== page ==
TaK.e IX shows similar distributions of the hours worked per week 
by employees in the East. 

In 1933, 66.4 per cent of the total employees were working 
longer than 50 hours per week. A large percentage of the employees, 
over 60 per cent in each craft except the "other" employees, were work- 
ing more than 50 hours per week in this period and 45.4 per cent of 
this latter occupation were working this long work week. A definite 
median appears in the 1935 distribution with 60.3 per cent of the 
employees falling in the 40 to 42.4 hour group. 



The distributions for the different occupations follow the sane 
general pattern as that for the total, with this same hour group the 
most important, over 50 per cent of the employees in each occupation 
falling in this group. 



9770 



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5770 



-18- 



ITo appreciable amount of part-time employment is apparent in this 
area in either period. 

West 

Table X shows distribution by occupations of the hours worked per 
week by employees in the Western Area for a representative week in the 
latter part of January and early pa.rt of February, 1935. 

The less than 20 hour, the 35 to 37.4, the 37.5 to 39.9 and the 
45 to 47.4 hour groups are the most important with 12.2, 13.6, 33.3 
and 18.6 per cent of the total employees in these respective groups. 

The distributions of the individual occupations "by no means 
follow the same pattern as that of the total. The cutters are fairly 
well concentrated in the 37.5 to 39.9 hour group with 66.7 per cent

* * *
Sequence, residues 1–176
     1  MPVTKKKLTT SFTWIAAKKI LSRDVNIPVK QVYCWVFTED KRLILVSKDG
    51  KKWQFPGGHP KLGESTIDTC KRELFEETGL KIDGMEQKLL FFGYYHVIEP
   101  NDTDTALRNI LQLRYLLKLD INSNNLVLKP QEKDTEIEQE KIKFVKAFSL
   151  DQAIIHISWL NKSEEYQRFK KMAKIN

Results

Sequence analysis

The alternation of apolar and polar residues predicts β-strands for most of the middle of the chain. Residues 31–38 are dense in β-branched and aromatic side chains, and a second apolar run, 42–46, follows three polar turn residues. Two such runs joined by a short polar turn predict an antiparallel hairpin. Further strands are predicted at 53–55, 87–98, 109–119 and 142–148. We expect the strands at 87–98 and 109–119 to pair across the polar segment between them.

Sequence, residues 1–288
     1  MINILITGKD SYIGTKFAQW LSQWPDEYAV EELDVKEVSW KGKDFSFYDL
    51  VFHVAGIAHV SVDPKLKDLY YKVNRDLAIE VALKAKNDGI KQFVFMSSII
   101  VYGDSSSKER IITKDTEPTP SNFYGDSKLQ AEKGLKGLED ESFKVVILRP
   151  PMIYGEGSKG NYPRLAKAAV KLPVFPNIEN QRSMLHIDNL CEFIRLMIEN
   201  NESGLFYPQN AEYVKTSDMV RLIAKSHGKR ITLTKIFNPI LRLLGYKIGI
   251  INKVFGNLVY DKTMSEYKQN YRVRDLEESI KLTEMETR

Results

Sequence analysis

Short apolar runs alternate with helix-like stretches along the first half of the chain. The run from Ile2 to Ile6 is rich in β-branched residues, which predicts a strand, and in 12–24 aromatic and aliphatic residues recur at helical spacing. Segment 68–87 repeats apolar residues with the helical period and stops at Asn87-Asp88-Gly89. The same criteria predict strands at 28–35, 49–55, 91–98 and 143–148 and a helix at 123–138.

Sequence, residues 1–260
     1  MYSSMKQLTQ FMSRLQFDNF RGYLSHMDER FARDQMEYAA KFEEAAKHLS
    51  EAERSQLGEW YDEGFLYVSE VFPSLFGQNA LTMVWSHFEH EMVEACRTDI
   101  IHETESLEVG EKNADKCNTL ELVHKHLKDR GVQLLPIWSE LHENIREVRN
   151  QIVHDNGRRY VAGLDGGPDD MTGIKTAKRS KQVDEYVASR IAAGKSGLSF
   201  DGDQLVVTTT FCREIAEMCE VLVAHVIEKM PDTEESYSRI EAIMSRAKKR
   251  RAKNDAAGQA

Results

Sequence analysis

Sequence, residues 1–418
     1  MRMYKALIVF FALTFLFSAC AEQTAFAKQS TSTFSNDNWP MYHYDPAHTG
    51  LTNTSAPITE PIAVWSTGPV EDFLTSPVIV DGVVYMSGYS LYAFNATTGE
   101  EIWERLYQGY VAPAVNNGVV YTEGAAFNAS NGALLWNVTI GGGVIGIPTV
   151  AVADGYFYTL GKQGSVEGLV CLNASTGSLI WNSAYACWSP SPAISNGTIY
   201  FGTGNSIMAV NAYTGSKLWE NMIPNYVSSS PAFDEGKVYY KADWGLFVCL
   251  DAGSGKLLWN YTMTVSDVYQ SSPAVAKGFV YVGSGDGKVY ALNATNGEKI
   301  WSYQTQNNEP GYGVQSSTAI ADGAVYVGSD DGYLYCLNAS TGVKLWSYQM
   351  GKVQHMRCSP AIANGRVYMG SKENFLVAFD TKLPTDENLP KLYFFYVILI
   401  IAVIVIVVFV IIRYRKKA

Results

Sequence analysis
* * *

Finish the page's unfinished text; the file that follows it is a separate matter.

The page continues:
in that bracket. 

The 35 to 37.4, the 37.5 to 39.9 and 45 to 47.4 hour groups are 
the most important for the operators with 22.1, 33.6 and 16.8 per cent 
of these employees in those respective groups. 

The size of the sample of the ;oressers is probably too small to 
warrant too definite a conclusion, but in general, it seems to follow 
about the sane pattern as that of the operators. 

The distribution of the hours worked by the finishers is most 
striking, since among this class of employees we find 29.6 per cent 
working part-time of less than 20 hours per week, yet on the other 
hand, 24.2 per cent working over-time, that is 45 to 47.4 hours per 
week. While the reason for this peculiar condition is not definitely 
known, it is probably due to the fact that some of the plants in this 
area were in the midst of their rush season, while other plants had 
not yet gotten under way with their spring production. 



9770 



-19- • 

i iiistrieuti on^f' ^h ^t j^ly earnings 

New York City I 

Table XI shows distributions of the hourly earnings of New York 
City employees by occupations for a week nearest February IP, 1935. 
No' well defined grouping 'exists in. the distribution for all employees 
for either period. - '• 

These distributions show improvement injthe earnings of all crafts 
(of employees) in the year 1935 when compared with 1933. The improvement 
is especially noteworthy among the lower-paid occupations. In 1933